Friday, March 28, 2008

New IITs, IIMs

Orissa, Punjab, Gujarat and Madhya Pradesh (Indore) will be the next states to get freshly minted IITs. Take a look (see also the update below):

... [The government] on Friday decided to establish four new IITs and six IIMs in various states besides upgrading some of the state universities to the status of Central Universities.

While the new IITs would be located in Orissa, Madhya Pradesh (Indore), Gujarat and Punjab, the IIMs would come up in Tamil Nadu, Jammu and Kashmir, Jharkhand, Chhattisgarh (Raipur), Uttarakhand and Haryana.

It would be so much better to create large, "real universities" with a mandate to do research and teach (graduate as well as undergraduate) courses. Engineering, management, law, medicine can be built into these universities in various combinations with natural and social sciences, arts, humanities and languages. Such an environment is particularly important for undergraduate students, a vast majority of whom currently languish in affiliated colleges with poor facilities and non-researchers, or study in elite, but specialized institutions (IITs, NITs, AIIMS, NLSUI, etc).

It's not clear why the government keeps choosing IITs and IIMs, when it can make a much bigger difference in people's lives -- and for the country as a whole -- with real universities.

I don't know about you, I see this news as yet another lost opportunity.


* * *

Update: The official press release (thanks to an e-mail alert from Yogesh Upadhyaya) has a lot more information about the new institutions that are to be set up during the 11th plan. It turns out that 14 'world-class' Central Universities are being planned in the following states:

  1. Pune, Maharashtra
  2. Kolkata, West Bengal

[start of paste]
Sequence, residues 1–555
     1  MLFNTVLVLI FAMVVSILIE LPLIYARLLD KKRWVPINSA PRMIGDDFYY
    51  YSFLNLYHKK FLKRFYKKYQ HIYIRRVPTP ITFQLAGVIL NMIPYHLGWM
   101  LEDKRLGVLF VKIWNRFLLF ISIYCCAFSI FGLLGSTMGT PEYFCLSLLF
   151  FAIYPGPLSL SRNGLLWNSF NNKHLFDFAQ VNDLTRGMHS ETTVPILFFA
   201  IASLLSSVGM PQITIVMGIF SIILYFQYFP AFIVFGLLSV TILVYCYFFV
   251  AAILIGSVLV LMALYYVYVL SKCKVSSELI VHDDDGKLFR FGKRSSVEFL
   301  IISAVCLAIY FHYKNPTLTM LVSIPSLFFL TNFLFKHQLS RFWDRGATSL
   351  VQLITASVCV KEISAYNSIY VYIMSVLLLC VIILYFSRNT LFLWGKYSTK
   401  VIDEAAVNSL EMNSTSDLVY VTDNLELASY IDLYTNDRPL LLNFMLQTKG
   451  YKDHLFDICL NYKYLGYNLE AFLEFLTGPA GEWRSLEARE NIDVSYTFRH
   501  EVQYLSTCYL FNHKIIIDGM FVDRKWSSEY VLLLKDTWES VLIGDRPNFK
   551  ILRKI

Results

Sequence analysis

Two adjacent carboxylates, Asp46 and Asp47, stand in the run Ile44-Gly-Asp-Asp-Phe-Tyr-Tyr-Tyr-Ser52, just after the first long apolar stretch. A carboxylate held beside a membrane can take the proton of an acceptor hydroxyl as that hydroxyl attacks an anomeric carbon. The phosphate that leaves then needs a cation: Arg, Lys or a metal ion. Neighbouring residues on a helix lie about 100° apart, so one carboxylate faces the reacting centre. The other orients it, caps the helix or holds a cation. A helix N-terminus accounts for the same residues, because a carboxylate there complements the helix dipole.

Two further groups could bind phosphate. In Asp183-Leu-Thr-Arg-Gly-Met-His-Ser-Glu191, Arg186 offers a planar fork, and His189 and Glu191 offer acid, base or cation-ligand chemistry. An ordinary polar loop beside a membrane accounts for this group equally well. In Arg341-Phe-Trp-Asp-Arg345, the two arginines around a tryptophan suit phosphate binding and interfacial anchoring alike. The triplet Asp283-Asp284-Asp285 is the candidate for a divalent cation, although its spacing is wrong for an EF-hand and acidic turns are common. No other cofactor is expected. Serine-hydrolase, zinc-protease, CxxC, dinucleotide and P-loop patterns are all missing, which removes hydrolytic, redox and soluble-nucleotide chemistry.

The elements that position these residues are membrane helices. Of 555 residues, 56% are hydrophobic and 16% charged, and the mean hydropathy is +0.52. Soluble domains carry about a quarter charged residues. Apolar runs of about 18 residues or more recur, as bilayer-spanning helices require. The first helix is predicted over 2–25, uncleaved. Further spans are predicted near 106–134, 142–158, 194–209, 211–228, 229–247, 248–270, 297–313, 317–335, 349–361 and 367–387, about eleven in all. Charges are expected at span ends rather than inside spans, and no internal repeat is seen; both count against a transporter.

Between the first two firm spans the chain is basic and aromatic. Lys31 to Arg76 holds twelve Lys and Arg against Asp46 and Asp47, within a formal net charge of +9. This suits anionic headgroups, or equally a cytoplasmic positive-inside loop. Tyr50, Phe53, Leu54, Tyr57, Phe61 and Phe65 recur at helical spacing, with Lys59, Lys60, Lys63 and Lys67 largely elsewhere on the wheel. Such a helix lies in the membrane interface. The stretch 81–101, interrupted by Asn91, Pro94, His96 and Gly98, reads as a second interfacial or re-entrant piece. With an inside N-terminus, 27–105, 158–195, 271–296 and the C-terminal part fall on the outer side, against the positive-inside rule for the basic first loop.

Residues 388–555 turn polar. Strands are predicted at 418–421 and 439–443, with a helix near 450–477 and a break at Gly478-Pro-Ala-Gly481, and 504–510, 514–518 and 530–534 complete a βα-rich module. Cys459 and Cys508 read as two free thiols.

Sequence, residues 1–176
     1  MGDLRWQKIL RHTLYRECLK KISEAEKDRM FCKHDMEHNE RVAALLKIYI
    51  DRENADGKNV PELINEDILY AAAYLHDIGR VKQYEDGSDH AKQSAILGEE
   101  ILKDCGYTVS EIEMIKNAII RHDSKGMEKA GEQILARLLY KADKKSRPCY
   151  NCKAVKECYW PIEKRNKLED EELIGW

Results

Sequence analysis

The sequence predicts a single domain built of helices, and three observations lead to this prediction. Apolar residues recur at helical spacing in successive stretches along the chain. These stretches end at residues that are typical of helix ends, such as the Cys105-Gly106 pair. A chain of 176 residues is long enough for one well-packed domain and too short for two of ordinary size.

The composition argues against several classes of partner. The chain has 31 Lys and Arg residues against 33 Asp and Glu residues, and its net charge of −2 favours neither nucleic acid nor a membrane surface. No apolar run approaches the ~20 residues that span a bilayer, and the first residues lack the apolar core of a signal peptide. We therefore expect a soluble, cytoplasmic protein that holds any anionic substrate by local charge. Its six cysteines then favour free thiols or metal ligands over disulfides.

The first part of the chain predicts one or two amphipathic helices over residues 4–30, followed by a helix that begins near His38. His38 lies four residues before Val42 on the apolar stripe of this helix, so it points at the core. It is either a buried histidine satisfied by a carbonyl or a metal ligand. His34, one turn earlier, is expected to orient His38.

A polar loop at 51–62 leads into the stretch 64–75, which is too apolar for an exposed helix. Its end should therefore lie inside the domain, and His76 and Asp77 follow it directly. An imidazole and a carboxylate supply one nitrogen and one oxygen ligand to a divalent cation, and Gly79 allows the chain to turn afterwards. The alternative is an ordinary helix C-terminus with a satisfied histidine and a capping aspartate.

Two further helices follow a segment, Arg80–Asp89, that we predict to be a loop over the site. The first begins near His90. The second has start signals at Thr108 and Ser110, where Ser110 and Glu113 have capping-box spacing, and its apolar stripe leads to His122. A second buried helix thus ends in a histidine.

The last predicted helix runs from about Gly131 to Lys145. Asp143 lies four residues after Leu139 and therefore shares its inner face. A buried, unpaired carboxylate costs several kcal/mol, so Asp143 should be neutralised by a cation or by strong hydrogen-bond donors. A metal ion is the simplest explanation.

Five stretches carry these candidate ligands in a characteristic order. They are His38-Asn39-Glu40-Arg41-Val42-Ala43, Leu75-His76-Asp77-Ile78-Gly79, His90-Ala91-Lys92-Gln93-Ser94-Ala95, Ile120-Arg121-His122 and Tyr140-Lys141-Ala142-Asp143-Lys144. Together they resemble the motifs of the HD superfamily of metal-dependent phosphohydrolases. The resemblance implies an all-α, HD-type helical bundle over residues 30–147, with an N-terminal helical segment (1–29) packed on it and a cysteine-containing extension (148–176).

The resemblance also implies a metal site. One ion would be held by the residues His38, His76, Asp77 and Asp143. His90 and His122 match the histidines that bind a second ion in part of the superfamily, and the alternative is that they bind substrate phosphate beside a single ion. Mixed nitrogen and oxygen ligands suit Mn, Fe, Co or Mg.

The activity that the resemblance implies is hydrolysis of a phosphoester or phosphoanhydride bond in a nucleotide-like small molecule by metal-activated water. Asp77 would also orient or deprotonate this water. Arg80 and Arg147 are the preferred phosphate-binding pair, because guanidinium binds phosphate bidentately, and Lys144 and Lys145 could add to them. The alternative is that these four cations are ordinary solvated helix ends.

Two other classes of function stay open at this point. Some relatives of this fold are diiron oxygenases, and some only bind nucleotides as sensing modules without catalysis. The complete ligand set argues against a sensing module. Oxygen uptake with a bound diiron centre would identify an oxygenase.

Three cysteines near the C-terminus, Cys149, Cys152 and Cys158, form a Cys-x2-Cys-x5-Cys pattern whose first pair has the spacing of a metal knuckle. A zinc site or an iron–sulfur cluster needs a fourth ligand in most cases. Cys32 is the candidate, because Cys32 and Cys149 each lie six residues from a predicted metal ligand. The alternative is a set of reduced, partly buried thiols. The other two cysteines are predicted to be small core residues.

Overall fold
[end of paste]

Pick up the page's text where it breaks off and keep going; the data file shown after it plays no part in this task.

3. Coimbatore, Tamil Nadu
  4. Mysore, Karnataka
  5. Vishakapatanam, Andhra Pradesh
  6. Gandhinagar, Gujarat
  7. Jaipur, Rajasthan
  8. Patna, Bihar
  9. Bhopal, Madhya Pradesh
  10. Kochi, Kerala
  11. Amritsar, Punjab
  12. Bhubaneshwar, Orissa
  13. Greater NOIDA, Uttar Padesh
  14. Guwahati, North Eastern Region

Further, 16 more Central Universities will be set up in those states that do not currently have one.

Thus, it would appear that I spoke a little too soon. While I welcome the setting up of a large number of universities, I have a grouse against those as well! Currently, our Central Universities do not do any undergraduate teaching -- the lone, honorable exception being the Banaras Hindu University, which has UG programs in many, many disciplines. Thus, I will wait until I have a better idea about the kind of institutions that are actually set up, before I start celebrating ...

[Interestingly, the official press release says that BHU's Institute of Technology (which is also where I studied) will be converted into an IIT. Its path to IIT-hood has been quite tortuous -- so tortuous, in fact, that I will believe it only when the deed is done. ]


  1. Anonymous said...

    We will have to wait and see what lies behind the term "world-class" universities.

    No university in India at present has any institutional mechanisms to facilitate a broad , wide ranging education of a student across multiple disciplines. Almost all enlightened real universities allow the student to use a 'make your own recipe' model in some form.

    This is completely counter to the present mechanisms in Indian universities.

    If you want places like U. Chicago , Stanford, Harvard , Caltech you need people like Fred Terman , Milikan , Charles Eliot , Robert Hutchins who introduced new ideas such as electives , Great books program , university parks ; ideas which are now part of the mainstream in the US.

    The combination of old ideas and new money will lead to the old result : more mediocrity.

  2. Rahul Siddharthan said...

    Where did you get the notion that none of the central universities do undergraduate teaching? Delhi University has huge numbers (albeit via affiliated colleges). So do AMU, Pondicherry, NEHU, and others. University of Hyderabad now has "integrated MSc" courses. I don't know about the rest but I suspect most of them do, too...

  3. Anonymoustache said...